On May 21, 2008, President Bush signed into law the Genetic Information Nondiscrimination Act of 2008 ("GINA"). GINA amends three employment-related laws including: (1) Title VII of the Civil Rights Act (Title VII); (2) the Employee Retirement Insurance Security Act (ERISA); and (3) the Fair Labor Standards Act (FLSA). While most of the provisions will become effective in 2009, it is important for employers to be familiar with GINA’s basic concepts and provisions to better prepare for the Act’s implementation.
At the time of GINA’s passage, thirty-five states had laws relating to discrimination in employment based on genetic information. Pennsylvania does not. As the state laws vary, one of Congress’s goals in enacting GINA is to provide for an umbrella federal provision applicable to all persons in the U.S. GINA does not preempt state laws that provide more protection for genetic information. Notably, this law is responsive to many efforts in the medical community to personalize medical care, such that diagnosis and treatment plans would be tailor made for each patient based on his or her genetic make up.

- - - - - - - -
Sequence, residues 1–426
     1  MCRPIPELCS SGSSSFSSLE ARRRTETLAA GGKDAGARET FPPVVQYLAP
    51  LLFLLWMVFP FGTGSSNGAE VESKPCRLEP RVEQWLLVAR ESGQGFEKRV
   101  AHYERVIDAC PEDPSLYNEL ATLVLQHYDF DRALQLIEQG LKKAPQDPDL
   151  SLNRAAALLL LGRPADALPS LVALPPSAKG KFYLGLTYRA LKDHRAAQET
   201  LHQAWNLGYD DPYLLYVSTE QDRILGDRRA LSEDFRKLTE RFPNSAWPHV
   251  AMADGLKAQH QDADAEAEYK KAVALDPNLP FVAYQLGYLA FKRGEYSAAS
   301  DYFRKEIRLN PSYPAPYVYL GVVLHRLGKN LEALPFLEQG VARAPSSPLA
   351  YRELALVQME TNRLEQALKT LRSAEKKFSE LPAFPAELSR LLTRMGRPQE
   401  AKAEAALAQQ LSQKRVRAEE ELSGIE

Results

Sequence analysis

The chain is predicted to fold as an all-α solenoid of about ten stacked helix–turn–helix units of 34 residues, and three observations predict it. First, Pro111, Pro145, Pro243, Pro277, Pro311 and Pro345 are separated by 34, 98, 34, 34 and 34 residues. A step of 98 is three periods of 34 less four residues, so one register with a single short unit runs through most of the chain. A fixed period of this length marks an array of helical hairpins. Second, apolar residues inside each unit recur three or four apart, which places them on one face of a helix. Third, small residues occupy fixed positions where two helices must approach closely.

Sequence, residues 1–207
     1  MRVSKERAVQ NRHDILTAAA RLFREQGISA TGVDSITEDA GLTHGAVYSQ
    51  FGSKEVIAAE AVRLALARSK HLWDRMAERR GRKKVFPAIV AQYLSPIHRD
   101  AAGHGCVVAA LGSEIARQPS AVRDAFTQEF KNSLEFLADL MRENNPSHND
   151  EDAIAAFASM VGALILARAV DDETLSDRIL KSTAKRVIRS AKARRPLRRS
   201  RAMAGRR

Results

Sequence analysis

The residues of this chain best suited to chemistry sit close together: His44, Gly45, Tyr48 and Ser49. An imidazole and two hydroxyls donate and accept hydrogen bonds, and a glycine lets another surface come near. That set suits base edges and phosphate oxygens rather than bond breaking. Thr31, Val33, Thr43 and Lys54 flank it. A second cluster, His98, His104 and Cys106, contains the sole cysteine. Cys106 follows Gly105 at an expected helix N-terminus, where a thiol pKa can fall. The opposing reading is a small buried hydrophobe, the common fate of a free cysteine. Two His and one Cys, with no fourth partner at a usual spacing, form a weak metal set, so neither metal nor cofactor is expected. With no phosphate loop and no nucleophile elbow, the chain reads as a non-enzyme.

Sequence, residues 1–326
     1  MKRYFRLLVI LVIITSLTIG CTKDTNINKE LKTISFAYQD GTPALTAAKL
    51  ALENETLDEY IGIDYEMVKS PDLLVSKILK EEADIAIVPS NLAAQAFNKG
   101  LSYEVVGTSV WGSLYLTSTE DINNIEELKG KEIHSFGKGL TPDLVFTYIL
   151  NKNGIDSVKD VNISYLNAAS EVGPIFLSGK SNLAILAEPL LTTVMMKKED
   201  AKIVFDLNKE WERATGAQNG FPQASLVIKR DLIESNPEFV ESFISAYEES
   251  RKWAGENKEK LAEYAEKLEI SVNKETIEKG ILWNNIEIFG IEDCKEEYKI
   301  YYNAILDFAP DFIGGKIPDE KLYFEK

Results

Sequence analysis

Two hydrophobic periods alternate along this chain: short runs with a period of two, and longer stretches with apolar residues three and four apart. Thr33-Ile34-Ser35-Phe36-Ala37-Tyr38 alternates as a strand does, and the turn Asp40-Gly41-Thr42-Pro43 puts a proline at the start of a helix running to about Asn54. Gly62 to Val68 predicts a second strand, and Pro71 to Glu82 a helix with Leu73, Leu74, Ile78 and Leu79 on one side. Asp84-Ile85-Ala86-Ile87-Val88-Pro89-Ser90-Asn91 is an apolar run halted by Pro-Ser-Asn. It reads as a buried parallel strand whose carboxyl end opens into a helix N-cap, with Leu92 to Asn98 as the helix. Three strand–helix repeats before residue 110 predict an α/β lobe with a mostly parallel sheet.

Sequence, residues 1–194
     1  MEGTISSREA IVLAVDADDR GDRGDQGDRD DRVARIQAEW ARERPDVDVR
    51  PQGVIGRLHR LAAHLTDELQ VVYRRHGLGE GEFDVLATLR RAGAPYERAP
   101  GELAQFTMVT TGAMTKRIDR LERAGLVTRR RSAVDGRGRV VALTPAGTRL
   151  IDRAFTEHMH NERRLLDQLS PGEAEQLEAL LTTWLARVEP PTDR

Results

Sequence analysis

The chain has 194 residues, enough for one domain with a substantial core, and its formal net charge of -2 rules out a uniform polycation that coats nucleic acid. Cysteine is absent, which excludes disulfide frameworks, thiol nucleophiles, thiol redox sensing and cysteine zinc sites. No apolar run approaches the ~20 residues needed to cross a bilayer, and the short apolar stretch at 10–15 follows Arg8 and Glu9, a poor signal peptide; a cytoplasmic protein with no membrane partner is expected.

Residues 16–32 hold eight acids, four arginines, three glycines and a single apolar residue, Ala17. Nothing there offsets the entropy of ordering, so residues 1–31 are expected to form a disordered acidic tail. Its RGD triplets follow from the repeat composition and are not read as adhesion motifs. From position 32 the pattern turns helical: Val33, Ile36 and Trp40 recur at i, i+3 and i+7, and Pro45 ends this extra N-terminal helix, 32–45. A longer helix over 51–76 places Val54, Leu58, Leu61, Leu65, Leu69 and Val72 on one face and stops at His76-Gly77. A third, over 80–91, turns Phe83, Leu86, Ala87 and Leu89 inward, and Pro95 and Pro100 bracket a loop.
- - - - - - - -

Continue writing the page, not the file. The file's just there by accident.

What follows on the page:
What Is "Genetic Information" Under GINA?
Under GINA, “genetic information” is broadly defined to include information about: (1) an individual’s genetic tests, (2) the genetic tests of the individual’s family members, and (3) the manifestation of a disease or disorder in a family member. “Family member” is defined to include an individual’s spouse or dependent child by birth or adoption, and certain other relatives of such individual, individual’s spouse or dependent child. “Genetic information” does not include information about the sex or age of any individual.
How Does GINA Amend Title VII?
The GINA amendments to Title VII are effective November 21, 2009. Specifically, GINA:
1. Makes it an unfair employment practice for employers, employment agencies and others to discriminate against individuals based on “genetic information” in hiring, firing and other terms and conditions of employment; and